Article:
We also know that many captive tigers are being kept in so-called ‘basement farms’, where they are held literally in people’s basements. Cubs are often smuggled into the country illegally across the Laotian border and are then kept and fattened up in these basements until they reach a desired weight, when they would be slaughtered and supplied to the illegal trade. In 2021, the Forest Protection Department raided one of these ‘basement farms’ in Nghe An province in central Viet Nam and confiscated 17 tigers.

3 gold-accented pendants made with tiger claws and teeth

Tiger claws and a tooth for sale illegally in a shop in Hanoi, Viet Nam.

You also have other ‘facilities of concern' where there’s a risk of illegal activity. Although the authorities conduct frequent inspections at these facilities, everything is checked visually. Individual tigers often can’t be distinguished on sight and the authorities rely on the owner’s records to confirm that the number of tigers on the book matches those physically at the facility. This means swapping and laundering of tigers can easily occur.

Basement operations and other tiger farms can perpetuate and stimulate the demand for the illegal trade in tigers, their parts, and products by continuing to feed consumer demand. This further threatens tigers in the wild and they will continue to be illegally killed as long as there is demand driving the trade.

Q: How can we improve the management of captive tiger facilities in Viet Nam?

A: As I mentioned earlier, all inspections and checks of tigers are performed visually, leaving gaps for illicit activities to exploit. Therefore one area of improvement is to address this.

Having a national database of DNA samples of all captive tigers helps the authorities to definitively distinguish between individual tigers, determine whether tigers have been moved between facilities, and figure out if registered tigers have entered illegal markets.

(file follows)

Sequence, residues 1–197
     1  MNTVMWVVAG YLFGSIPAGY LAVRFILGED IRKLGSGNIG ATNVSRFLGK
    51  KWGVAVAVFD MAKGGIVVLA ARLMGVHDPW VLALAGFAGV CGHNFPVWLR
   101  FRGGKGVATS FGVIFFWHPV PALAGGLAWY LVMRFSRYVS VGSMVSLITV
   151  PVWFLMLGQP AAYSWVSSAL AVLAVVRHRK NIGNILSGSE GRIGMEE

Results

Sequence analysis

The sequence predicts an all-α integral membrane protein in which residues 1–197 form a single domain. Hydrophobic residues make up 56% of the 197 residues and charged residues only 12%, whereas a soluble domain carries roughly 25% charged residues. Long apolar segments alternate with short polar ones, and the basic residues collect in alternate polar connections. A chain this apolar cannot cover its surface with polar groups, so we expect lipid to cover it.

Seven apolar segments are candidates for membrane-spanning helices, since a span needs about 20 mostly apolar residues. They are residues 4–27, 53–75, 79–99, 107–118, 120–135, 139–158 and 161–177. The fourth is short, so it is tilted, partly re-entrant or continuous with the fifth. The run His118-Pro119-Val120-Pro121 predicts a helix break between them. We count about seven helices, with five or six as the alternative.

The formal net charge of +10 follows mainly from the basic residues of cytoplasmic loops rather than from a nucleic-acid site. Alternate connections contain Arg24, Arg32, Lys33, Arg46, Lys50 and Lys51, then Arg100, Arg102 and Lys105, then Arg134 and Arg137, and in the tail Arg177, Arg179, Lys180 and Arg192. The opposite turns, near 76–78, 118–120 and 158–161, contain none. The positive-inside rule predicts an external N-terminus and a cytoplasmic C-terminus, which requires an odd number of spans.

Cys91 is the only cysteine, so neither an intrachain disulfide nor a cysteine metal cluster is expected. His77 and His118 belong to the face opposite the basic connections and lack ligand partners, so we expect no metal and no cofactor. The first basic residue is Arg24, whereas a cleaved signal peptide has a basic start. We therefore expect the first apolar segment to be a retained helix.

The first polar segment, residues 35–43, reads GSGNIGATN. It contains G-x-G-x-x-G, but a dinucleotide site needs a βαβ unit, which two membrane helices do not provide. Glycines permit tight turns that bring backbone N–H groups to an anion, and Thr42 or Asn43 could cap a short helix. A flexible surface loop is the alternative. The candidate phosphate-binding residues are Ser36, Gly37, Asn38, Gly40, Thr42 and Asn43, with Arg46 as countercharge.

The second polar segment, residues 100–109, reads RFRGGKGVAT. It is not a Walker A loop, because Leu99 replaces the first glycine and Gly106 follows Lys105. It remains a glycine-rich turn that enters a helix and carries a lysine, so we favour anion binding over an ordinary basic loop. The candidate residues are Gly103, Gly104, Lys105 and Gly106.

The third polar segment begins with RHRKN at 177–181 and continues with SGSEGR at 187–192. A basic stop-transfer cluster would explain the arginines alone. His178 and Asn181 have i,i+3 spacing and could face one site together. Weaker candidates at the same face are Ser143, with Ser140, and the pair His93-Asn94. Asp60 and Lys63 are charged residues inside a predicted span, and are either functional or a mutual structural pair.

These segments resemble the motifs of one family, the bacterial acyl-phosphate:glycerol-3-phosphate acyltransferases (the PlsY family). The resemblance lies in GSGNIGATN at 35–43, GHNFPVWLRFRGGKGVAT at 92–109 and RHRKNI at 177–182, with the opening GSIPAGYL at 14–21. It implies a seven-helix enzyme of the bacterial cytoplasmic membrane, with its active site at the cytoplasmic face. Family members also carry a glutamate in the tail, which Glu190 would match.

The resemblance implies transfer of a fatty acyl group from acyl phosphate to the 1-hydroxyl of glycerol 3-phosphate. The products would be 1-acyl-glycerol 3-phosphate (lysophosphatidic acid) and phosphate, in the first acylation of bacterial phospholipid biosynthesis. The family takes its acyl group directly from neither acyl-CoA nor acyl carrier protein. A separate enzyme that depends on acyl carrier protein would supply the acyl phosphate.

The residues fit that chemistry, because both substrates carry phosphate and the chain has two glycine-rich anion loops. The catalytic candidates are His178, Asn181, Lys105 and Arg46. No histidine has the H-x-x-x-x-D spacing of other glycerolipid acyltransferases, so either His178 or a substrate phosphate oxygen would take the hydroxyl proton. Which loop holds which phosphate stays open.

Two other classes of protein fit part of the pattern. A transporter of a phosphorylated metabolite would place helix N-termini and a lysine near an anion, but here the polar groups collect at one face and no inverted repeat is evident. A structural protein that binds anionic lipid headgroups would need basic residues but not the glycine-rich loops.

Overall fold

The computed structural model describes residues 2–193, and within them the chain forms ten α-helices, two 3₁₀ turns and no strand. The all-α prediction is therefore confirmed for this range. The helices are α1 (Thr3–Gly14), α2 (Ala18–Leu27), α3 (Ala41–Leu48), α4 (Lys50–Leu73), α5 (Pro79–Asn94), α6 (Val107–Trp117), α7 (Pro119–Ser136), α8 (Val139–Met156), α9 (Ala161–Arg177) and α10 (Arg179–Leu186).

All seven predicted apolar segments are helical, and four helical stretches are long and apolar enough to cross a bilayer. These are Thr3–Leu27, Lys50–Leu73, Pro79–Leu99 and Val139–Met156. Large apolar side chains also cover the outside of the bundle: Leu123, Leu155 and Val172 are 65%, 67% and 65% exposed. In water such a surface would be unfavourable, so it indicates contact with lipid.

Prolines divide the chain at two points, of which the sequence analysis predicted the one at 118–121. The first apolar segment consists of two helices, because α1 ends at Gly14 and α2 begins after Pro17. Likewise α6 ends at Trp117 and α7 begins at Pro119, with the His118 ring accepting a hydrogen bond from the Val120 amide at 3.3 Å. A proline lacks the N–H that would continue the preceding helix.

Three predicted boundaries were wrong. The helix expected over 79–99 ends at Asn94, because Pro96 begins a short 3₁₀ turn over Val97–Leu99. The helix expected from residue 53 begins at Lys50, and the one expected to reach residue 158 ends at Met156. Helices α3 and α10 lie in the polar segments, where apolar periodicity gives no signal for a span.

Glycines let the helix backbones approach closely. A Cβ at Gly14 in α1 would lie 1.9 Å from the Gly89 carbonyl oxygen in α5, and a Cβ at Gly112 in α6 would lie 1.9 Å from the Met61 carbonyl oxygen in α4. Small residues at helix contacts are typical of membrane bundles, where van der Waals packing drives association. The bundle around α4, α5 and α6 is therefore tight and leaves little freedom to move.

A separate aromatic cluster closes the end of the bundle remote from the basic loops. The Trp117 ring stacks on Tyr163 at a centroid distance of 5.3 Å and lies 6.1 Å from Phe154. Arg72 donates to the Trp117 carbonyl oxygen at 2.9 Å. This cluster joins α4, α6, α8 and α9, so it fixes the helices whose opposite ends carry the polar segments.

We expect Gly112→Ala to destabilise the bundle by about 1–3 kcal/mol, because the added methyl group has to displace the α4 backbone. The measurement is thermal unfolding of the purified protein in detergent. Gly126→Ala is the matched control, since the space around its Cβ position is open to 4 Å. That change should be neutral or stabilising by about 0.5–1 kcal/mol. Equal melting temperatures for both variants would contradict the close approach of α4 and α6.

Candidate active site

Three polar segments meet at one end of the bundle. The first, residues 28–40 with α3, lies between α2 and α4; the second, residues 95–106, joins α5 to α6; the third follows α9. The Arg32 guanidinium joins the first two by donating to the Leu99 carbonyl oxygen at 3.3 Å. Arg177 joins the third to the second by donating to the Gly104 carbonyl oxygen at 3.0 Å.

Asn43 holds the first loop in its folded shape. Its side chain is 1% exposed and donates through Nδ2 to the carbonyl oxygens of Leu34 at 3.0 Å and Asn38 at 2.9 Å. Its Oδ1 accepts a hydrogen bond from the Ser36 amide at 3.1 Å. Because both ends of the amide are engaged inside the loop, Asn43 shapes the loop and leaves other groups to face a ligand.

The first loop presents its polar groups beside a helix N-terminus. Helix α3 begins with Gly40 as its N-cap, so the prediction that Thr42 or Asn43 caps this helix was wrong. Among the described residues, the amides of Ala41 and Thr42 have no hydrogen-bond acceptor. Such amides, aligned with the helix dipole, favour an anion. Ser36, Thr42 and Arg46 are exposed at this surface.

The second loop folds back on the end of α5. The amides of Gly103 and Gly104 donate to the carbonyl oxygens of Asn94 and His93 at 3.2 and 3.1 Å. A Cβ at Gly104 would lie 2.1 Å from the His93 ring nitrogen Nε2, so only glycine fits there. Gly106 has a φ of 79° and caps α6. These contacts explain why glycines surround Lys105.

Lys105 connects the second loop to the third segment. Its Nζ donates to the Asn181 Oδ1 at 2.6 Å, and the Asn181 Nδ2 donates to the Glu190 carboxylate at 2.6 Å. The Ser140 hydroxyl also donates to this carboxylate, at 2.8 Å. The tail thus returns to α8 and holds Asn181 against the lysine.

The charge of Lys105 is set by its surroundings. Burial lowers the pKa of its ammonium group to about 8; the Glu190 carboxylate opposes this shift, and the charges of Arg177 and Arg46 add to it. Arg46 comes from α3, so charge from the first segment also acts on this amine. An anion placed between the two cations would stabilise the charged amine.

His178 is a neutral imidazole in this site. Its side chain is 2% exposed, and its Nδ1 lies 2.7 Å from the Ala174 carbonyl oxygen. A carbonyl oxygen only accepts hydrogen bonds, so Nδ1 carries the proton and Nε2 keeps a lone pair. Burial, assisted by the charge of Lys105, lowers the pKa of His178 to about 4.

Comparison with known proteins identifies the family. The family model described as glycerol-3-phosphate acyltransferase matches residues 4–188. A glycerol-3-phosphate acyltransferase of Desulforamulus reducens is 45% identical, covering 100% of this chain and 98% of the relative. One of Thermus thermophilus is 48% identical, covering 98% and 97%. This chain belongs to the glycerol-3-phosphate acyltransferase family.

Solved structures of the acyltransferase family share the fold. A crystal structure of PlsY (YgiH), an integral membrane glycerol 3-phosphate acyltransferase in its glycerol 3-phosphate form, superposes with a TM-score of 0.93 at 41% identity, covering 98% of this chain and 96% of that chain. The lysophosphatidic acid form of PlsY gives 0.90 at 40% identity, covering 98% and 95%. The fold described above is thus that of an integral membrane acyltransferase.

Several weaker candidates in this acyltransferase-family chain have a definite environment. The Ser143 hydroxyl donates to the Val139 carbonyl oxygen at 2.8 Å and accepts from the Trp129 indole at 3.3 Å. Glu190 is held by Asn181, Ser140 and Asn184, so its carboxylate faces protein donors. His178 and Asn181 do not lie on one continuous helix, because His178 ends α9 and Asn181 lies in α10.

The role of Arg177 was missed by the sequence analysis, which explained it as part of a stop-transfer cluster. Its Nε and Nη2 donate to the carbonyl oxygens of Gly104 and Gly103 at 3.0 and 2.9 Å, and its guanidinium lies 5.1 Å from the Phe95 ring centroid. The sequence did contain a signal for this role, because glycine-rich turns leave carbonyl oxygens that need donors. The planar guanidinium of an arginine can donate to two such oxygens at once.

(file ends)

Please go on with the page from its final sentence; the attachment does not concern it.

Adding photographs of tigers’ stripe patterns to this database would also improve the management of these facilities. Each tiger’s stripe patterns are unique, like our fingerprints, and would help authorities identify tigers in the facilities but also tigers that are found in the illegal trade.

Implemented together, a DNA and photographic database would ensure that captive facilities are properly managed and law enforcement agents are well-equipped to identify any laundering and illegal trade of tigers from facilities in Viet Nam.

Q: Has the government and WWF had any success collecting DNA samples and photographs of stripe patterns from any captive facilities in Viet Nam?

A: So far we have collected DNA samples from a total of 44 captive tigers at three facilities.

Our last visit was to two facilities in the southern part of the country, just a short drive from Ho Chi Minh City, Viet Nam's largest city. Our work at the first facility went well, although there was some convincing to get the owner to allow us to dart their white tigers because they mistakenly thought 'white tigers are not the same as orange tigers’.

Anh (third from the left) with his colleagues from WWF and partners inspect a tiger facility in Viet Nam.

Vet retrieves the dart used to extract a small DNA sample from a captive tiger at a facility in Viet Nam. This procedure is minimally invasive for the tiger and the DNA will be entered into a national database to monitor captive tigers.

A small DNA sample taken from a captive tiger is processed.

Anh (center) and his colleagues log and store DNA samples taken from captive tigers.